Mike: How about your local scene in Montreal? Who shows promise? Who do you really love to go see live, or support in general?
Paul: Lots of really good local bands! There’s a band called Incarnia that I used to work with; they’re a fantastic freaking band. I really love those guys. They’re another great symphonic melodic death band, very much along the lines of Dark Tranquillity. There’s an amazing technical death metal band called War Ignition. They play every now and again, but musically, they are just out of this world. Those guys are really, really great. Really good songwriters. I hope to hell that they get picked up sometime soon. Another great local band in Montreal is The Trigger Effect, which is more punk rock. I’ve known those guys for years, and they’re one of the hardest working bands in Montreal right now. Another really amazing freaking band.
Mike: Having toured all across Canada and the U.S., have you noticed any significant difference between crowds in those two countries?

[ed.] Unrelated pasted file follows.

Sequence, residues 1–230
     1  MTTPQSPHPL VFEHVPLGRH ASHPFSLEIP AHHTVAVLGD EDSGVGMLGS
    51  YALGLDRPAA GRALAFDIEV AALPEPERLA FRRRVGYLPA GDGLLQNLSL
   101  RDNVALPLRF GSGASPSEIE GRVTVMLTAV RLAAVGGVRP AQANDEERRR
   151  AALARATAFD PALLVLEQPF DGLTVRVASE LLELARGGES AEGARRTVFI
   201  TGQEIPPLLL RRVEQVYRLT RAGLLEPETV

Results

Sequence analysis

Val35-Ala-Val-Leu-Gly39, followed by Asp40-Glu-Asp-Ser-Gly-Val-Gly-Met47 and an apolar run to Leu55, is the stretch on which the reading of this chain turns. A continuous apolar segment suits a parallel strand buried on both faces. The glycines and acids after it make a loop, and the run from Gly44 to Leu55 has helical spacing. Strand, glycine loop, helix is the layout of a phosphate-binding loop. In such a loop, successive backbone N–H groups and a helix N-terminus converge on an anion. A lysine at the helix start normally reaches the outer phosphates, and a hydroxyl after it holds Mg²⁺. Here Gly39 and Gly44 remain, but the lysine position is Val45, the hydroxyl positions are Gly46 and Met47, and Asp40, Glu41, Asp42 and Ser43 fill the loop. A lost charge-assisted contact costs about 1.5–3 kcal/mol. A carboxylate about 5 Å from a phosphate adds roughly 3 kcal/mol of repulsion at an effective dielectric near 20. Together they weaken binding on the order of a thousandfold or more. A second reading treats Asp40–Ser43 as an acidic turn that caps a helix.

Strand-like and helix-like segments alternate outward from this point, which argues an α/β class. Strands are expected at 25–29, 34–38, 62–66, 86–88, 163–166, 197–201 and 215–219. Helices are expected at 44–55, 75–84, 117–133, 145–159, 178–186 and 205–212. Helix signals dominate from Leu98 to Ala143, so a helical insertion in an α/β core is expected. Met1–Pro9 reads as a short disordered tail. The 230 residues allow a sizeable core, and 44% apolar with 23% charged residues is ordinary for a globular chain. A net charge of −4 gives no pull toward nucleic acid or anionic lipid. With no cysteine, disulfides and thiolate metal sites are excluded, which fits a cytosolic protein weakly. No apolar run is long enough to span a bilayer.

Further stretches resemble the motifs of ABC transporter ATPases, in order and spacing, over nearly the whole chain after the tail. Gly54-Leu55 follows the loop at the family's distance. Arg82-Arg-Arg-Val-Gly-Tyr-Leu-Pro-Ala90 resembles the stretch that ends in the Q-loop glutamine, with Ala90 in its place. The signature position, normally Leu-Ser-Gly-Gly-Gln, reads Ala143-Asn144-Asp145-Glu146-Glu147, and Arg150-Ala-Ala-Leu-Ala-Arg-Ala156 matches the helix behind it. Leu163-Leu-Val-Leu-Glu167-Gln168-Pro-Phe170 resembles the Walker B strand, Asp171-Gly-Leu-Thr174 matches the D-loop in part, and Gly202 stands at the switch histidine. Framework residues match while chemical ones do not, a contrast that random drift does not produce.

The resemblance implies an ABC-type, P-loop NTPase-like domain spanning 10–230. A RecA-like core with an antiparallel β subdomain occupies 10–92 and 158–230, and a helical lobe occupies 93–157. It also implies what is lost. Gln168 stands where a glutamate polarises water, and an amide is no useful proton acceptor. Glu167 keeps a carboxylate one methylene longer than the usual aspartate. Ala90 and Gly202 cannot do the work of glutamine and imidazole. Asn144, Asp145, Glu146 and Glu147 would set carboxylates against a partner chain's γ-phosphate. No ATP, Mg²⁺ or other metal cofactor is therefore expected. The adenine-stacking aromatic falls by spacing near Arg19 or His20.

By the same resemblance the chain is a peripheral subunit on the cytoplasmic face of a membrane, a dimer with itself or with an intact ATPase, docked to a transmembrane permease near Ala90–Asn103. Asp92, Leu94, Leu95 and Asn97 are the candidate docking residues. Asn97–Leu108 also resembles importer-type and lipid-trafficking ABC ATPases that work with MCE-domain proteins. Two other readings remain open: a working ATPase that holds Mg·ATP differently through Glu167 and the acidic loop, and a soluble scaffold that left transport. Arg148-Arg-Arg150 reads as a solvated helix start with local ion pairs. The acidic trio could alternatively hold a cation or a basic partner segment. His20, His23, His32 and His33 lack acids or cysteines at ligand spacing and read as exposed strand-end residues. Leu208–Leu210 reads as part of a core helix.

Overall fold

Paul: Nah, not really. I mean, there are crappy crowds in the States and crappy crowds in Canada, and good crowds in both too. All depends where you go. So many factors go into good shows, y’know? You really can’t separate it nationally. There’s no way I could say that Canadian crowds are better than American crowds or vice versa. It depends on what kind of crowds come out, what kind of tour you’re on… Typically, we do better in certain cities than others. Worcester, Massachusetts is just one of those places where we have such a good time. The Palladium is amazing, I love playing both the small stage and the big stage, and we have a great following there. So that’s just an amazing spot. Of course Montreal is great, and we have some powerhouse metal markets in smaller Quebec towns, where tons of people show up and really tear it up. Then you go further west. Edmonton’s great, Calgary’s great, Vancouver’s great… Regina’s cool sometimes… [Laughs] But yeah, it’s all a crapshoot, man. Sometimes it’s great, sometimes not. Whether you’re there on a Saturday or a Monday can make a world of difference! Whether you’re there with Symphony X or Deicide makes a world of difference.